As soon as tomorrow, the Senate plans to take up its version of Affordable Care Act “repeal and replace” legislation. However, much of this bill is not actually about changing the ACA itself. Instead, it would radically alter the Medicaid program and its historic financing arrangement between the state and federal government. It would fundamentally change the relationship between the federal government and the states by shifting expenses and the risk of future cost growth onto state budgets.
Medicaid is currently the largest single source of federal revenue to states. The Senate bill aims to trim that significantly by instituting a capped funding arrangement. The Congressional Budget Office estimated that, in the near term, this new financing structure would result in a 26 percent cut in federal funding which would eventually increase to a sobering 35 percent loss in funding to states in 2036.
These reduced federal funding limits would put pressure on states to demand that the federal government give them much more latitude in operating their Medicaid programs and force states to make substantial changes to the detriment of enrollees. States would also become much more aggressive in trimming costs, including by tightening eligibility, provider rates and benefits. As states struggle to make up for losses in federal Medicaid funding, they will also face pressure to cut other priorities like education.
Elimination of Enhanced Funding for the Expansion Population
For Medicaid Expansion states, these funding reductions will mean tough choices in the near term. If a state wants to maintain its coverage expansion, it will need to raise sufficient revenue to make up for the loss in federal funding. Although a state may be able to meet this gap in funding in the short term, the magnitude of the cutsmakes it unlikely that a state will be able to generate sufficient revenue to cover the expanded Medicaid population in the mid and longer term. Given the fiscal pressure from capped funding, the most likely result is a rapid elimination of expanded coverage in most if not all states.
Reductions in Provider Payments
Although Medicaid rates of payment to providers are substantially below what Medicare and commercial insurers pay, it is nearly certain that states would decrease provider payments, which will likely reduce access to care. These payment reductions will be substantial, and will compound over time. Many providers will stop accepting Medicaid patients. Some providers that currently participate substantially in Medicaid would go out of business. Some providers would adapt and find ways to provide services with whatever payment is offered. However, safety net hospitals and community long-term care businesses will struggle to adapt to the financing levels proposed by the Senate.
Reduction or Elimination of Benefits
Prescription coverage will likely be at the top of a state’s target list for cost reduction because it is the most expensive optional benefit in Medicaid and recently prescription drug expenses have grown much more rapidly than other medical expenses. States are unlikely to immediately drop prescription drug coverage altogether because it is an integral part of medical care delivery and it avoids certain other costs such as hospitalizations. Rather than immediately eliminate coverage, states will request extensive flexibility in managing the pharmacy benefit. This flexibility would allow them to severely restrict formularies to a minimal number of drugs and dramatically reduce enrollees’ access to needed medicines.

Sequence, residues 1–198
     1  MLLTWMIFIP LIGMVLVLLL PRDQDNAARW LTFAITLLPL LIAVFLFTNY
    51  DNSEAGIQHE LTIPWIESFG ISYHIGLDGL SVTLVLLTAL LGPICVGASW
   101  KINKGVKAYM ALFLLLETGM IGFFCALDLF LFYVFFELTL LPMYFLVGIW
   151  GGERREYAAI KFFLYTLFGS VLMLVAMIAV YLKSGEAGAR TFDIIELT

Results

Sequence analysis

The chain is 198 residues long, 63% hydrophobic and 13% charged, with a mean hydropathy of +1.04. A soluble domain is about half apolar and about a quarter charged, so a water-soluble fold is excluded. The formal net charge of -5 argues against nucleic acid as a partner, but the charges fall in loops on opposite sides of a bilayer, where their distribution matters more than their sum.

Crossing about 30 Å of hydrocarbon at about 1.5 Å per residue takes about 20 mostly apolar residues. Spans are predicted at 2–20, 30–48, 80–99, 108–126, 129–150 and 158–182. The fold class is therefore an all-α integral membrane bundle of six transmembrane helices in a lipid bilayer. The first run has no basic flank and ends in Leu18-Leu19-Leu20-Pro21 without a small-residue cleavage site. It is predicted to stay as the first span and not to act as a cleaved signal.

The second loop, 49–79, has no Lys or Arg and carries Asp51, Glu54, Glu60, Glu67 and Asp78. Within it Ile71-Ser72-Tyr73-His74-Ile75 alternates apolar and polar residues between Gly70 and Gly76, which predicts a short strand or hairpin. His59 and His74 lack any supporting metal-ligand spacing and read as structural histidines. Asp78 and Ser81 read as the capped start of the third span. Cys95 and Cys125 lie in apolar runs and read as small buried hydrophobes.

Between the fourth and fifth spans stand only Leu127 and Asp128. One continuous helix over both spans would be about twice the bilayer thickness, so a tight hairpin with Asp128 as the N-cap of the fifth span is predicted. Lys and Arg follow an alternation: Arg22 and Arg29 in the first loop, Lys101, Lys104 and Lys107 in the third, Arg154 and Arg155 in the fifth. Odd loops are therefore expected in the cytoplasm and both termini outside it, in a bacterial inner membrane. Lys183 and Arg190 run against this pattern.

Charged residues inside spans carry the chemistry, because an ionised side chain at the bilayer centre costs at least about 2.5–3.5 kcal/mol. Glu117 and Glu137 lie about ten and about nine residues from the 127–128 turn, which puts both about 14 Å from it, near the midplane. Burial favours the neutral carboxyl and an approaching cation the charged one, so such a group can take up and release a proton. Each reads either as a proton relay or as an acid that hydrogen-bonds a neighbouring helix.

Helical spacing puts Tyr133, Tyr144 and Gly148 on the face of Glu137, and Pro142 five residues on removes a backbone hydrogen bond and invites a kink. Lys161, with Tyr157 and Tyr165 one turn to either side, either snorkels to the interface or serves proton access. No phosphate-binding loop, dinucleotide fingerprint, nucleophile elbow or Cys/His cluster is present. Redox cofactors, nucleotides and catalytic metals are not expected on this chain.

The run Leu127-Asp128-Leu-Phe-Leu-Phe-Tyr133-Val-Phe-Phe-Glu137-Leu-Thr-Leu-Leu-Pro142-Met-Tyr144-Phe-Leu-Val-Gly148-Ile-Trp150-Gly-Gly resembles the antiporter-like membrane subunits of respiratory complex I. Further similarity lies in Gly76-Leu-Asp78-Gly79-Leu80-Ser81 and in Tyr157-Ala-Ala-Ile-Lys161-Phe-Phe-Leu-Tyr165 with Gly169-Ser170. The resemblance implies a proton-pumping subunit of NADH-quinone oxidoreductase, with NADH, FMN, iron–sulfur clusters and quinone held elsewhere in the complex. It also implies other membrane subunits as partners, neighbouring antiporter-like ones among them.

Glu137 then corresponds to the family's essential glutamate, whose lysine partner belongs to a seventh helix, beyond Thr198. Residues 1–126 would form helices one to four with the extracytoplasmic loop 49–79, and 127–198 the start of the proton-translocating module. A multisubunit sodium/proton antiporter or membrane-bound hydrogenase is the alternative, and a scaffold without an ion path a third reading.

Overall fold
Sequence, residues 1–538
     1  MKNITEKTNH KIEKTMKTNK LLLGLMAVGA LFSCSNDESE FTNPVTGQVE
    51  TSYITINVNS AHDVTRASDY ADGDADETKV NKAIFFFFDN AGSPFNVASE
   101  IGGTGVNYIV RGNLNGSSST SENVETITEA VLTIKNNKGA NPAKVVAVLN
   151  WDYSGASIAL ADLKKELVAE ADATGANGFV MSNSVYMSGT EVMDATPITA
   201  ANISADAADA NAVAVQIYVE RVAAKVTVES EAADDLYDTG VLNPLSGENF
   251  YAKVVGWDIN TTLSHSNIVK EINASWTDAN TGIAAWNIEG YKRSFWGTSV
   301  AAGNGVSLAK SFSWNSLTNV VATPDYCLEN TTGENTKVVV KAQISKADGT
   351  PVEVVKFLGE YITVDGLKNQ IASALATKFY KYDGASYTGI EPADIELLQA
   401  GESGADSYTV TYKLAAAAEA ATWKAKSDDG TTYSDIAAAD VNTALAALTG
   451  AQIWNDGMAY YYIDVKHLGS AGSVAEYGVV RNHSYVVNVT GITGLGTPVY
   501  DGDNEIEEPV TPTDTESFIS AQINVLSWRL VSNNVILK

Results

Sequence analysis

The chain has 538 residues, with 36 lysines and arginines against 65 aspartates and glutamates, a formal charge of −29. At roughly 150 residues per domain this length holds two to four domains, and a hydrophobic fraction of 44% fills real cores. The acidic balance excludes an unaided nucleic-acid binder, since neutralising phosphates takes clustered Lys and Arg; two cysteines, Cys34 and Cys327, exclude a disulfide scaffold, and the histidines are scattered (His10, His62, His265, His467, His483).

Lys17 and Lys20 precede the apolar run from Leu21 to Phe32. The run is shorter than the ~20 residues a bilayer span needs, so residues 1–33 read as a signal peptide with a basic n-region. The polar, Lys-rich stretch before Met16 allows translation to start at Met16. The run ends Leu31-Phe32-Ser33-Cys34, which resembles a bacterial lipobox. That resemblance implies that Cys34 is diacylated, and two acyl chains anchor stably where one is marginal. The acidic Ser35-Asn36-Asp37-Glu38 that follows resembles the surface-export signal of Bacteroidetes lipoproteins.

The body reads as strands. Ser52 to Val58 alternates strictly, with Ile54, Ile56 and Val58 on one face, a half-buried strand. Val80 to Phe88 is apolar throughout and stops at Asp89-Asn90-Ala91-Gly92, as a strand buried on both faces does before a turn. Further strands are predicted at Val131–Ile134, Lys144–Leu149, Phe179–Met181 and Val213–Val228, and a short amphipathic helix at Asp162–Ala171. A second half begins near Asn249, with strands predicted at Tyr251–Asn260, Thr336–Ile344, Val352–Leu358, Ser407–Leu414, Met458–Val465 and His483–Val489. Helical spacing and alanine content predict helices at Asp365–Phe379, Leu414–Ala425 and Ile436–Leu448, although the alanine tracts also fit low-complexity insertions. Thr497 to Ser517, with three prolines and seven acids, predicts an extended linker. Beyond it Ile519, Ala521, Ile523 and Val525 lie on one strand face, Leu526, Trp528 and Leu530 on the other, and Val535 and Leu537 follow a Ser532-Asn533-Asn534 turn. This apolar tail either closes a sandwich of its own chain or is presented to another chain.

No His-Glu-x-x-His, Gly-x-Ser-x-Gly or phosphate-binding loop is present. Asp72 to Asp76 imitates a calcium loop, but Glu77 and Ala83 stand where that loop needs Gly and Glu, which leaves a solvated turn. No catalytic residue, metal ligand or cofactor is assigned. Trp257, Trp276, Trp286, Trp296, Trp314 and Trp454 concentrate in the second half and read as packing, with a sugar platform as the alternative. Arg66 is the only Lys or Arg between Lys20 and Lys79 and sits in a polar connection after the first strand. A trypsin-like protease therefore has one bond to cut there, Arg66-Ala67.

Community-based long term services, the kind that keeping aging adults and people living with disabilities in their homes and out of institutions, are the second most expensive segment of optional services in Medicaid. States would likely target these and similar services for reduction or elimination given the extent of fiscal pressure from the Senate’s proposed capped funding structure. States will seek to reduce a number of community long-term care benefits that are seen as high cost or growing in utilization. An example is personal care attendants, which have greatly increased people’s ability to remain living in their home while accessing needed services.
Ripple Effect on Other State Programs
States may also target optional Medicaid services that support other areas of the budget, such as therapeutic services for children with special education needs that enable children to fully participate in their education. With the pressures of capped funding, state Medicaid directors could target reductions in this area, which will push significant costs onto state and local governments, since education authorities will still have the obligation to provide these services.
Increased Managed Care
Most states will need to evaluate the use of large managed care contracts that shift the risk of living within per capita reimbursement caps to private vendors. States (with the federal government’s support) will need to give these private vendors much greater latitude to form restrictive provider networks, provide more limited services, and increase cost-sharing in order to live within those caps. These contracts would likely be developed for virtually all populations, including the elderly and adults with disabilities.
The Senate’s proposed Medicaid capped funding represents a fundamental shift in financial risk from the federal government to the states. In response, states will have to make more and more dramatic cuts to coverage, provider rates and benefits in order to manage the additional financial pressure.
Mark Reynolds is President and CEO of the Risk Management Foundation of the Harvard Medical Institutions Incorporated (CRICO). He has served as Medicaid Director for the states of Massachusetts and Tennessee.